Friday, June 6, 2008
I guess it’s fitting that I move on to Brad Stuart now since his team has won the Stanley Cup.
I think I felt just about every emotion while watching Stuart play this year; among them and (for the most part) in order: wonder (didn’t he used to be a Shark?), impatience, nervousness, anger, annoyance, hatred, contentment, confidence, elation, lust, sadness (post-trade deadline), and finally… acceptance. Talk about taking me on an emotional rollercoaster, Brad!!
At the beginning of the season I thought that his coming to LA with Tom Preissing seemed promising enough because they had been in San Jose at the same time (courtesy of Dean Lombardi). Subsequently, they were paired together at the beginning of the season, which I was excited about since the Sharks had done well and was hoping he could bring something big to the table. I definitely was NOT impressed. But I guess I’ll give some kudos to Marc Crawford for at least TRYING out that pairing to see if there was any chemistry left from back in the Teal days. His injuries at the beginning of the season resulted in a less-than-stellar first half of the season, which caused much boiling of my blood. He seemed invisible whenever he was on the ice; couple that with Preissing being invisible as well and you get a recipe for disaster. It just wasn't good for B-Stu in the beginning. He was soft on the puck at times and couldn't keep the puck in the zone on the attack; it just wasn't pretty.
As he got healthy through the year, he actually started to improve in all aspects. He was throwing hits left and right, taking huge bombs from the blue line, and basically earning his paycheck. He played 63 games for the Kings getting 5 goals, 16 assists for 21 points, was a -16, and had 67 PIM. But February 26th was the day my heart was broken; the Kings FINALLY had a D-man that was consistent from game to game and who provided a huge physical presence on the blueline. But when you have a one-year contract and are playing well, other teams become interested in adding to their roster for their own playoff run. Enter the Detroit Red Wings.
After the trade to Detroit he played in 9 regular season games tallying 1 goal, 1 assist for 2 points, was a +6, and had only 2 PIM. He played in 72 regular season games and in 21 playoff games he got 1 goal, 6 assists for 7 points, ended at a +15, and had 14 PIM.
I thought that once he made the move to Detroit, his play was magnified by the fact that, not only was his team leagues better than the Kings, but that his new team really needed his type of presence. I’m not discounting the fact that the Kings needed him too, but when you’re looking at a squad like the Red Wings who just needed that extra push in the size department, they definitely needed B-Stu. As much as I was irritated with Kings management for sending him off, he had the most value out of all the defensemen on the Kings roster. His leaving definitely thinned down the backend even more, but the two picks we got in return (1 2nd round in 2008 and 1 4th round in 2009) will definitely help us to either trade for an NHL player, acquire already-drafted prospects who may be NHL ready, or pick new prospects. As much as I love him now, I can retrospectively say that there really wasn’t any point in the long term picture to keeping B-Stu on the roster. His contract was just for one year and who knows what would have happened at the end of the season; he could have easily left and signed with another team effectively leaving the Kings with a gigantic hole in the second/third defensive pairing.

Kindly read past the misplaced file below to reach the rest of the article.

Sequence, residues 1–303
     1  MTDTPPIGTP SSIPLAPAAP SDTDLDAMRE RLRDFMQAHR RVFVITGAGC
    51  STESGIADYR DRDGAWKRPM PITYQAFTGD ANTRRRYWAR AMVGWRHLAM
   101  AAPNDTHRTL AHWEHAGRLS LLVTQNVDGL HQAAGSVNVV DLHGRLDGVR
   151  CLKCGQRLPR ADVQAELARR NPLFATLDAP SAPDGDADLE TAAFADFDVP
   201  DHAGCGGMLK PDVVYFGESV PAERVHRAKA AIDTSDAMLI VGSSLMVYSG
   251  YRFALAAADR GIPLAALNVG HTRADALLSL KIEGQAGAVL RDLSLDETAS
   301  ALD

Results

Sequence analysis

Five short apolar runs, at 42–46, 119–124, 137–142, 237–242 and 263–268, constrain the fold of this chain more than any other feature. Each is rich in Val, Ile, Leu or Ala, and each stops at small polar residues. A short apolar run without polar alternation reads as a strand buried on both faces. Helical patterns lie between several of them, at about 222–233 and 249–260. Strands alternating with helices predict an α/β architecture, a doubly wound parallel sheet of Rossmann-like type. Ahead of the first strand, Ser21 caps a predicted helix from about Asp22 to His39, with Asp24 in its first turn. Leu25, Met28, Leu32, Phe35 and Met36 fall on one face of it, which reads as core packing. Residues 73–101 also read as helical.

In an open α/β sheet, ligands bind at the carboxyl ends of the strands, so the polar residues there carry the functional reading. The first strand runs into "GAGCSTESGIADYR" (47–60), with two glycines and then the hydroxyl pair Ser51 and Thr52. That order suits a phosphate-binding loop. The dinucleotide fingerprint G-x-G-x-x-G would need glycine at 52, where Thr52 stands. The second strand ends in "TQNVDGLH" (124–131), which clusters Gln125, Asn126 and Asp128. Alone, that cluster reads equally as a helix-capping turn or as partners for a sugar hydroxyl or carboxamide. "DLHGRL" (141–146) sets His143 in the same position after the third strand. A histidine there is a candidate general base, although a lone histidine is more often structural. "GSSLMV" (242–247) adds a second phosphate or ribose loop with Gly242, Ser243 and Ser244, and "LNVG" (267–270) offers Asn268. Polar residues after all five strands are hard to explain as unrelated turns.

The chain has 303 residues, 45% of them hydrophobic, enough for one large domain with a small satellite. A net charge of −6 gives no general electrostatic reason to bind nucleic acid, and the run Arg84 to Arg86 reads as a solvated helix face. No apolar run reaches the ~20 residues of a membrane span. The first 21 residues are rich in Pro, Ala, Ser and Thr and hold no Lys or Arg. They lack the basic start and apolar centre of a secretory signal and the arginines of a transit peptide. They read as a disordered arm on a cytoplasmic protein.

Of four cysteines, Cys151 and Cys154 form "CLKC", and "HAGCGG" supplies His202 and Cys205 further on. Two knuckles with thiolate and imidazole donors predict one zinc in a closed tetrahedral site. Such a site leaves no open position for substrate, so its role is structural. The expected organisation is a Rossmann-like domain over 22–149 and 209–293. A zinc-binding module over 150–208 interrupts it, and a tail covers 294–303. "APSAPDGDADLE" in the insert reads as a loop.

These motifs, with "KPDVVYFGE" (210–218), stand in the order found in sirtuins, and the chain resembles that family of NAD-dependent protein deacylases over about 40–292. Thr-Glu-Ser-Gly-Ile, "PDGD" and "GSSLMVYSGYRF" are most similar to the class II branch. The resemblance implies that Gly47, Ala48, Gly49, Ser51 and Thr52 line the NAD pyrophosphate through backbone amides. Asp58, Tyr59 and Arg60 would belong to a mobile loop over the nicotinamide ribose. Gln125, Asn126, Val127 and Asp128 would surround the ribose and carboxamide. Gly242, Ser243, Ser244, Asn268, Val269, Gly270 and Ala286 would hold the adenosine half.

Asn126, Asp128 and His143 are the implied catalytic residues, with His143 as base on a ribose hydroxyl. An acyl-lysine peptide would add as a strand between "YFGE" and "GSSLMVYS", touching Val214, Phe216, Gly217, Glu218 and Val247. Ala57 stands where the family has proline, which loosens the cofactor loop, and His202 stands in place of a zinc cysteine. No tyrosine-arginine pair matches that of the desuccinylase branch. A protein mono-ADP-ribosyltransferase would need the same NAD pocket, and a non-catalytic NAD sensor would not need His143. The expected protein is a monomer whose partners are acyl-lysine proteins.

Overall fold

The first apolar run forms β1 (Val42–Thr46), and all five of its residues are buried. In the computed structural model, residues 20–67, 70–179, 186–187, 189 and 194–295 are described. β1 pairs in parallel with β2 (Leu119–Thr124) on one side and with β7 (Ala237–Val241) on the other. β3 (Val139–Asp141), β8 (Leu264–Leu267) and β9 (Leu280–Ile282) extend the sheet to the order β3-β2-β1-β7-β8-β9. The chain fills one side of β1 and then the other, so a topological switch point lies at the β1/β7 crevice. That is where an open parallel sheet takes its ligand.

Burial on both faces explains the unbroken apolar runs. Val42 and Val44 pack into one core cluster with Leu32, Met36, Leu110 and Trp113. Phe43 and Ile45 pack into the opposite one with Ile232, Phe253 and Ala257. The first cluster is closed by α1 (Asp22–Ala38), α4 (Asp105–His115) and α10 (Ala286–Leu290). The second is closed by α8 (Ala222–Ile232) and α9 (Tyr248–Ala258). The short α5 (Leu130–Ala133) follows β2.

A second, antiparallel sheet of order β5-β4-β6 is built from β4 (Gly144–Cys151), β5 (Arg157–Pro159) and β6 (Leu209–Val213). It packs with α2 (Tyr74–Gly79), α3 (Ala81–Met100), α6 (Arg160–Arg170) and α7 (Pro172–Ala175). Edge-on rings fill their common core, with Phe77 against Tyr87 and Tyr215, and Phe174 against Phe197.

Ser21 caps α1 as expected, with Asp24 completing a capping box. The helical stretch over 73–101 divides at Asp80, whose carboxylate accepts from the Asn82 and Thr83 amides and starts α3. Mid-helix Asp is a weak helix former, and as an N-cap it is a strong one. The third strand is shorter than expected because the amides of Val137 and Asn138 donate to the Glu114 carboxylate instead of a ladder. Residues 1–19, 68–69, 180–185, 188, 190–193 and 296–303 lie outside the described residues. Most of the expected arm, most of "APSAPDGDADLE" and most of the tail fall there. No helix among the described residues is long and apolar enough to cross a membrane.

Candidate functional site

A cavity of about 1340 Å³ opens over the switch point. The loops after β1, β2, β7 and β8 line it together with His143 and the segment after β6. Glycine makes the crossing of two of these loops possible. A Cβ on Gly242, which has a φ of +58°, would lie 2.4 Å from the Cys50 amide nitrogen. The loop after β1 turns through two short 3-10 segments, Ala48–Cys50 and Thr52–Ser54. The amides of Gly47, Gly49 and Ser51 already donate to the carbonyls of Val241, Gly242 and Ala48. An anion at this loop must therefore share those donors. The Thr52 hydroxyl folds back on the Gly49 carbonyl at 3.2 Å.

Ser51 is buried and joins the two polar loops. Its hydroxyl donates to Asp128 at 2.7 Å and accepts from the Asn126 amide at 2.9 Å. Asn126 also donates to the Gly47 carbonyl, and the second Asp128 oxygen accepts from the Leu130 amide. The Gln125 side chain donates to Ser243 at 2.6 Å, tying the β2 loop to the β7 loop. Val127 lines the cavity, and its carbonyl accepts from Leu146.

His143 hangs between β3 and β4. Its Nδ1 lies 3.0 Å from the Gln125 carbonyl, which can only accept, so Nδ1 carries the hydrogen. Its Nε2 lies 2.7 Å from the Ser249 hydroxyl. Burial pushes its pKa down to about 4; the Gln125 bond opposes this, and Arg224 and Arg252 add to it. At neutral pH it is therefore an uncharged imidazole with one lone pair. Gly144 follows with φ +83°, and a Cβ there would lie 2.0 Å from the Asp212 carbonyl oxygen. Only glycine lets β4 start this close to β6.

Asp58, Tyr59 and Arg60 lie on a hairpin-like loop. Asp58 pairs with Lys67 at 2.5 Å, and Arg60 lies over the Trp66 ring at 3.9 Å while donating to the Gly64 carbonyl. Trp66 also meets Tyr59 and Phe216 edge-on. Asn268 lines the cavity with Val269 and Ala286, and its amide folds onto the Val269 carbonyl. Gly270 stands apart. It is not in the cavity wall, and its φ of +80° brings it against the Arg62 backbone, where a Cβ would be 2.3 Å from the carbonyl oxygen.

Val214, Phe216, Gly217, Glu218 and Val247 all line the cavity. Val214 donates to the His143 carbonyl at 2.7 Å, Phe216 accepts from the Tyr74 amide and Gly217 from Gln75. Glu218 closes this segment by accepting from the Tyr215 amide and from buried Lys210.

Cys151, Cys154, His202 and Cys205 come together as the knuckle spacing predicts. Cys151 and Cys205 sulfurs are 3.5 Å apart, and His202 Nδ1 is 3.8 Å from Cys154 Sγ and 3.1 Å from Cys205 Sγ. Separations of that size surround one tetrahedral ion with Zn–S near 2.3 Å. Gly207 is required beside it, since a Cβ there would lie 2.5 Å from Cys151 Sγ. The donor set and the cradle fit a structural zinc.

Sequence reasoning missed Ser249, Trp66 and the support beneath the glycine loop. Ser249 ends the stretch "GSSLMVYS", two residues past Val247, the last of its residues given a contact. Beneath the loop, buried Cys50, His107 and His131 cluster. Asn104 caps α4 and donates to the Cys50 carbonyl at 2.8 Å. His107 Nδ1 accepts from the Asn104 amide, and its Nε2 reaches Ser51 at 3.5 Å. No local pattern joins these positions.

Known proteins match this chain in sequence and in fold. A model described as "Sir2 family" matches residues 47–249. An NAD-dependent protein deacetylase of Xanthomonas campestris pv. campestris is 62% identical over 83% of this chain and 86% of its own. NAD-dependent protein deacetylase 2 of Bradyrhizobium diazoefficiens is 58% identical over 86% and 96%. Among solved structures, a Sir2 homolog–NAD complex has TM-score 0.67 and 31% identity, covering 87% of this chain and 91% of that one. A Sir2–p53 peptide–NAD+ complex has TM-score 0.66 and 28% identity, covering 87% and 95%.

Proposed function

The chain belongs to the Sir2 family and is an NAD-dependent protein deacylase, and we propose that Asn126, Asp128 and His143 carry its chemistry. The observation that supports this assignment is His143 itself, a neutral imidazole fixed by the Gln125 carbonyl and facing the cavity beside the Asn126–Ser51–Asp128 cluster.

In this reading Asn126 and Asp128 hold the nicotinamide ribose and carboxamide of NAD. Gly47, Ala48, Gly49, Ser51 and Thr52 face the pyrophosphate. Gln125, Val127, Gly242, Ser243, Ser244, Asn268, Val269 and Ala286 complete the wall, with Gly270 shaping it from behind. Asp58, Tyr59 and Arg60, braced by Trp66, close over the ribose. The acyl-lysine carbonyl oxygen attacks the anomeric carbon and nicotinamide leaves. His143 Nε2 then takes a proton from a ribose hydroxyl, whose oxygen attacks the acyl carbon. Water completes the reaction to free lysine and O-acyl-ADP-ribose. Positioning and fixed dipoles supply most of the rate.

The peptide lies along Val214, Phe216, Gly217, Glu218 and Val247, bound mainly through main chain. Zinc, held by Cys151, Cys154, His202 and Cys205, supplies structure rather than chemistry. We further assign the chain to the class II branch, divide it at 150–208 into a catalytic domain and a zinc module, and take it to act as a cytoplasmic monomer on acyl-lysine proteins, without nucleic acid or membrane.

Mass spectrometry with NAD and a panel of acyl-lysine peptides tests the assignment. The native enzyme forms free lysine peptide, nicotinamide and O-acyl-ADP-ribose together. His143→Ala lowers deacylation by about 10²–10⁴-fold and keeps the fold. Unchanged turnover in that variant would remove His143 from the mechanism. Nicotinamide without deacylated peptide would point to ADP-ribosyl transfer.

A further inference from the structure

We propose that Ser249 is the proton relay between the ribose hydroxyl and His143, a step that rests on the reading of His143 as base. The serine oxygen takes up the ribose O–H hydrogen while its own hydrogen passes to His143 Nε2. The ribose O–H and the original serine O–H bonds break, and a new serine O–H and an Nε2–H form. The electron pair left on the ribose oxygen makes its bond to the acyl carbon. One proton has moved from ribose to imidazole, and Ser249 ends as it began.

The small transaction at the trade deadline of Detroit trading picks to get Stuart was exactly what the doctor ordered. He got there, clicked with Niklas Kronwall, and started hammering opposing players to the ice. But I’m not going to hide the fact that he was a defensive liability at times. There were glaring errors that he committed, but, at the same time, he made plays that lead to goals in the playoffs (i.e. His work inside the offensive blueline to keep the puck in the zone in one of the games against Pittsburgh. He made a pass to Jiri Hudler who backhanded the puck past Fleury in an opening that was maybe 2 inches wide.) When you talk about someone joining a team and being a difference-maker, B-Stu definitely fits that mold.
I definitely want to thank Steph over at No Pun Intended for helping me to keep tabs on our boy and watching him get closer and closer to the Cup. At the start of the season, who would have guessed that Stuart would have been hoisting the Cup with Detroit on the last day of the post-season. It was cool to finally be able to have an emotional attachment to the playoffs in a way. This journeyman definitely had an eventful season; although, I would definitely describe it as a whirlwind after he started wearing the Red Wings jersey. The birth of his second child really showed how classy the Red Wings organization was. They let him take a couple days off from the playoffs to fly back to LA to be with his wife. This not only showed the class of the club but the depth of the team as well. He was part of the 2nd defensive pairing with Niklas Kronwall, and the Wings were strong enough to dress another defenseman and be comfortable with the situation.
In conclusion: I am happy that Brad Stuart was a part of the Kings organization for two-thirds of this season. It was an interesting journey from my point-of-view to watch a player change over the season and have my opinions of him change as well.